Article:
by Janne Suutarinen & Olga Dovbysh
Young scholars and early career researchers have less opportunities than more experienced ones to talk about their research to general public. Our blog aims to improve this inequality: today we present new format “Interview with young scholar” where we give voice to BA, MA and PhD students. They will talk about their research and ponder about media freedom and independence in Russia.
Alexandra Barmina a sociologist, holding an MA degree from the Central European University. Her work is placed on the intersection of such research fields as labor studies, political sociology, economic sociology, state theory and cultural studies.
In October 2018, Barmina presented her study “Labor of Independent Journalists in Russia: Doubly Precarious Employment?” in the annual Aleksanteri Conference.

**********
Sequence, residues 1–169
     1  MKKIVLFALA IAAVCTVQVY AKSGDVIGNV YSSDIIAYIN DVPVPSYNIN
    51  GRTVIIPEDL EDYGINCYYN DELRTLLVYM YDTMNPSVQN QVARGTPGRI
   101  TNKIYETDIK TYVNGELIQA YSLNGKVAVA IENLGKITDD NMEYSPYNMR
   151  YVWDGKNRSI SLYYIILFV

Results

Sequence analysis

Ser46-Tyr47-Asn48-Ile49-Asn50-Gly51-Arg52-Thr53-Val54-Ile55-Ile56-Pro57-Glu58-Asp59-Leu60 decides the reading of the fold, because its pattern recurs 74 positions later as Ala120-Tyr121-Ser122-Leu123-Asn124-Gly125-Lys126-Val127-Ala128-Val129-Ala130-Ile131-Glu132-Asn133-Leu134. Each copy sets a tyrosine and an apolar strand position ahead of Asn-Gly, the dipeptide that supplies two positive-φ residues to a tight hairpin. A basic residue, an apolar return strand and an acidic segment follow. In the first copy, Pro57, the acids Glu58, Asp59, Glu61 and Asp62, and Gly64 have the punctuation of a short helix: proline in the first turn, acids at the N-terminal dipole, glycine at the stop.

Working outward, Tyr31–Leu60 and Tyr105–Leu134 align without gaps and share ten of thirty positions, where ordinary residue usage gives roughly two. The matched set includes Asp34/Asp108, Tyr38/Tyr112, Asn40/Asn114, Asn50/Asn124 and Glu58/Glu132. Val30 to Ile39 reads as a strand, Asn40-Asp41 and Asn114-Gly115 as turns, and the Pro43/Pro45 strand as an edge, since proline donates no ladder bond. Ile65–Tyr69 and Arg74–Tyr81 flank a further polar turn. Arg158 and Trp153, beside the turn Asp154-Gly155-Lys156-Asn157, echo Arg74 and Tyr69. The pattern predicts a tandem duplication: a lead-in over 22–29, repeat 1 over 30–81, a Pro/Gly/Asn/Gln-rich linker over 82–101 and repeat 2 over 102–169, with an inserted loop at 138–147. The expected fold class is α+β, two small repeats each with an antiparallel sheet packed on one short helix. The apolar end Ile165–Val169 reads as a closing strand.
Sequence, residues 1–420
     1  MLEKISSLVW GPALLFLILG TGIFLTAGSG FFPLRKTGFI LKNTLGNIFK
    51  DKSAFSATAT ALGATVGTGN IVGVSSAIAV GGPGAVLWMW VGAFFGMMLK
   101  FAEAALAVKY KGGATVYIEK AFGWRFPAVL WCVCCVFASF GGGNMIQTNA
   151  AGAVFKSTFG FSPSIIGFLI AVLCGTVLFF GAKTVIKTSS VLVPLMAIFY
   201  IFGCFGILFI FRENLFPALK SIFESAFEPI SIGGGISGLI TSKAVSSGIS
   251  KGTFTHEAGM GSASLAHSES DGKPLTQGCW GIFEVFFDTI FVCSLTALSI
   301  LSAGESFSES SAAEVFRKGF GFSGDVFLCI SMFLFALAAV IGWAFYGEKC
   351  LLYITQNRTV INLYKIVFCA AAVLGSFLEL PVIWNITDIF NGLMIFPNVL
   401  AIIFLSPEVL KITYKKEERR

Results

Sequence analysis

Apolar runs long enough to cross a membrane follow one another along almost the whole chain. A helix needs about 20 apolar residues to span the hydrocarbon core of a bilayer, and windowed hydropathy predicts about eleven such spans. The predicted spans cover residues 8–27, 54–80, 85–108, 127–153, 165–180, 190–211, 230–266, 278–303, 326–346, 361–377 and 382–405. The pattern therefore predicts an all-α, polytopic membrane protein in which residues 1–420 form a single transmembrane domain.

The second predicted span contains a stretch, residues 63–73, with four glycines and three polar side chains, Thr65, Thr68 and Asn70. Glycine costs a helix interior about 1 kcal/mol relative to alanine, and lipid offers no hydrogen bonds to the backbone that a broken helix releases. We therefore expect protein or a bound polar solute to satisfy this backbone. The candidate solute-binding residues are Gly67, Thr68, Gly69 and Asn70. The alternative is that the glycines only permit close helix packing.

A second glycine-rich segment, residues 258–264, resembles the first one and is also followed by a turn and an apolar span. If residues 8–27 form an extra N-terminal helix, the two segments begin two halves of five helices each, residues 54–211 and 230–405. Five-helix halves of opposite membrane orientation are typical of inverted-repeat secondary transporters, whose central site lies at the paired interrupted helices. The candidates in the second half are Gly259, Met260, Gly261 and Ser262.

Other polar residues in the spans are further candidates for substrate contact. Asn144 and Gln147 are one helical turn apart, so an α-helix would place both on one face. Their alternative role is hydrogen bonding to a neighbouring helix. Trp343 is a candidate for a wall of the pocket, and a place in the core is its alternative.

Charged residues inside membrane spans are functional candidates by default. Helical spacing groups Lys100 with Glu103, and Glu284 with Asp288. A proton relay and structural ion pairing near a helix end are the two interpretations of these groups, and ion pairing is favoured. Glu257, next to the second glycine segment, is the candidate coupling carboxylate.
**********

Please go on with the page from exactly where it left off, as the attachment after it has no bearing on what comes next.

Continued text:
What are the main findings of your research?
Basically, the finding of this research is that the labour of independent journalists in Russia is precarious – not only in terms of the formal foundations of their employment as it is usually discussed in theory but also because of the political system and regime that exists in Russia, which puts some constraints on their work.
The political dimension of precarity, which I introduce, is identified by journalists as the dominant kind of insecurity they face during their daily work. Whereas the economic dimension of precarity, which in theory is generally considered the most important one, tends to be acknowledge and the political precarity neglected. It is possible that I’m not aware of this theory.
The thing is that labour relations are mostly investigated by Marxist scholars who aim to see how the neoliberal economic regime impacts employment and workers. As far as I know, in labour studies there are not many voices taking into consideration the political dimension and the regime’s impact on individual workers. Journalists as cultural or creative workers are in the Western academia largely investigated in the material perspective.